Even as EHR proficiency rises, enthusiasm dips
Doctors have become better at using electronic health records software in the last two years but, fewer physicians believe EHRs actually improve care.
Whereas 62 percent of doctors in 2012 believed their EHR helped improve patient care, only 46 percent answered the same way in 2015, according to research that Accenture published on Monday.
More specifically, 72 percent of respondents indicated that their EHR reduced medical errors and 58 percent said they improved outcomes in 2012 – while those numbers dipped to 64 and 46 percent, respectively.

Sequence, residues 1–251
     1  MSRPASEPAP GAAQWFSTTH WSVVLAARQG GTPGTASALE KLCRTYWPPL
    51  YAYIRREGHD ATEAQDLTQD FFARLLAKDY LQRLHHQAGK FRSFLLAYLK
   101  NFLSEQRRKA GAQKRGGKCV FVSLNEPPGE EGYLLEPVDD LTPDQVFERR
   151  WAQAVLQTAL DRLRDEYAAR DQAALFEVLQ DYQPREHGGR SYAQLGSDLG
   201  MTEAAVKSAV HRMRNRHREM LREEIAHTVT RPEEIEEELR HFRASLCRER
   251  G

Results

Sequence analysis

“This is a legitimate recognition that improving patient care is about more than just technology,” said Kaveh Safavi, MD, lead of Accenture’s global health business. “The kind of technologies that are going to be useful are bigger than electronic health records.”
Safavi was careful to point out that Accenture’s findings “are not a criticism of the EHR,” rather evidence that electronic health records are evolving, if not maturing.
The top three functions doctors use their EHRs for, in fact, include patient notes, e-prescribing and inputting clinical results. And on the flip side, the three services most commonly available to patients online are: prescription refill requests, medical record access and telemonitoring to track health.
Safavi added that 82 percent of doctors view EHRs as becoming a platform for patient engagement.
“What we’re starting to see now is the ability for patients to contribute to their record,” Safavi said. “That enhances transparency, enables a greater sense of accuracy and self-control.”